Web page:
Slike strani

and quasi municipal corporations may be created, and the legislature may pass general laws which, from their nature, will be capable of enforcement in only particular portions of the state. In re Madera, Ir. Dist. 92 Cal. 316.

SECTION 3. The state of California is an inseparable part of the American Union, and the Constitution of the United States is the supreme law of the land.

SECTION 4. The free exercise and enjoyment of religious profession and worship, without discrimination or preference, shall forever be guaranteed in this state; and no person shall be rendered incompetent to be a witness or juror on account of his opinions on matters of religious belief; but the liberty of conscience hereby secured shall not be so construed as to excuse acts of licentiousness, or justify practices inconsistent with the peace or safety of this state.

Const. 1849, Art. I, Sec. 4.

The court is not justified in pronouncing any form of religious belief superstitious or contrary to public policy when not followed by acts which are recognized as hurtful to society. So held with reference to certain religious views regarding the spirits of the dead and their communication with the living. (Spiritualism.) Newman v. Smith, 77 Cal. 23.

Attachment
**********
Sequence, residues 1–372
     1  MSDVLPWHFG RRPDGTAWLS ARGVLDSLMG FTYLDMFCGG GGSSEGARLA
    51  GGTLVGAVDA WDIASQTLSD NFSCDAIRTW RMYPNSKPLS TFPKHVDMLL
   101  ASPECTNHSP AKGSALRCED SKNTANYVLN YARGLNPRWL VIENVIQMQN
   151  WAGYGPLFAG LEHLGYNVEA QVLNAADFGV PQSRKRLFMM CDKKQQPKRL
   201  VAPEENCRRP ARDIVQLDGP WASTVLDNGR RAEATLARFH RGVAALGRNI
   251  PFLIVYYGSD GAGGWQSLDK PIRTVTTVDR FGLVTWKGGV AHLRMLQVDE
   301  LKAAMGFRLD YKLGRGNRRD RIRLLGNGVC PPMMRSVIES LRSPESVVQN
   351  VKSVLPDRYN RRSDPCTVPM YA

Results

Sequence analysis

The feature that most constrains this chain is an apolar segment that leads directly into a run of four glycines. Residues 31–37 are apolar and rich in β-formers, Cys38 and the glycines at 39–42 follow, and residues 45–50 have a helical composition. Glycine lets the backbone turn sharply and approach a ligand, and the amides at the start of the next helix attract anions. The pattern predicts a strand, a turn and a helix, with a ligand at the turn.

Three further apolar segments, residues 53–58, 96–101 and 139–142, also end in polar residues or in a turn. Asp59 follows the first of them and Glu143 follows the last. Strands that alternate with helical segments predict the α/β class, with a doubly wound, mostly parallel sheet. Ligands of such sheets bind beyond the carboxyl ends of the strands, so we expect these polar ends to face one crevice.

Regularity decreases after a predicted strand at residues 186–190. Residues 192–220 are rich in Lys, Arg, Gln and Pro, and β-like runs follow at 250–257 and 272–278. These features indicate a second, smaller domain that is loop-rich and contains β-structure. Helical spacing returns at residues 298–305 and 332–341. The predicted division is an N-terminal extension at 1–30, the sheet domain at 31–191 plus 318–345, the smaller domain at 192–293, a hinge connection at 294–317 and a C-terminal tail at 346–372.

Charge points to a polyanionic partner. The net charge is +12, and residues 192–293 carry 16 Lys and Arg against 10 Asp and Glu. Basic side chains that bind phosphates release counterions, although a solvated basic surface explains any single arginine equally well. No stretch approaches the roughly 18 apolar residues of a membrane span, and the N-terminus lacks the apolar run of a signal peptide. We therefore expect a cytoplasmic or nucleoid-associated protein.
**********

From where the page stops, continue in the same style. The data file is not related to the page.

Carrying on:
The Sunday Law contained in sections 300-301 Penal Code, as they existed in 1881, is not unconstitutional. Ex parte Koser, 60 Cal. 177, and Ex parte Burke, 59 Cal. 6.

SECTION 5. The privilege of the writ of habeas corpus shall not be suspended unless when, in cases of rebellion or invasion, the public safety may require its suspension.

Const. 1849, Art. I, Sec. 5.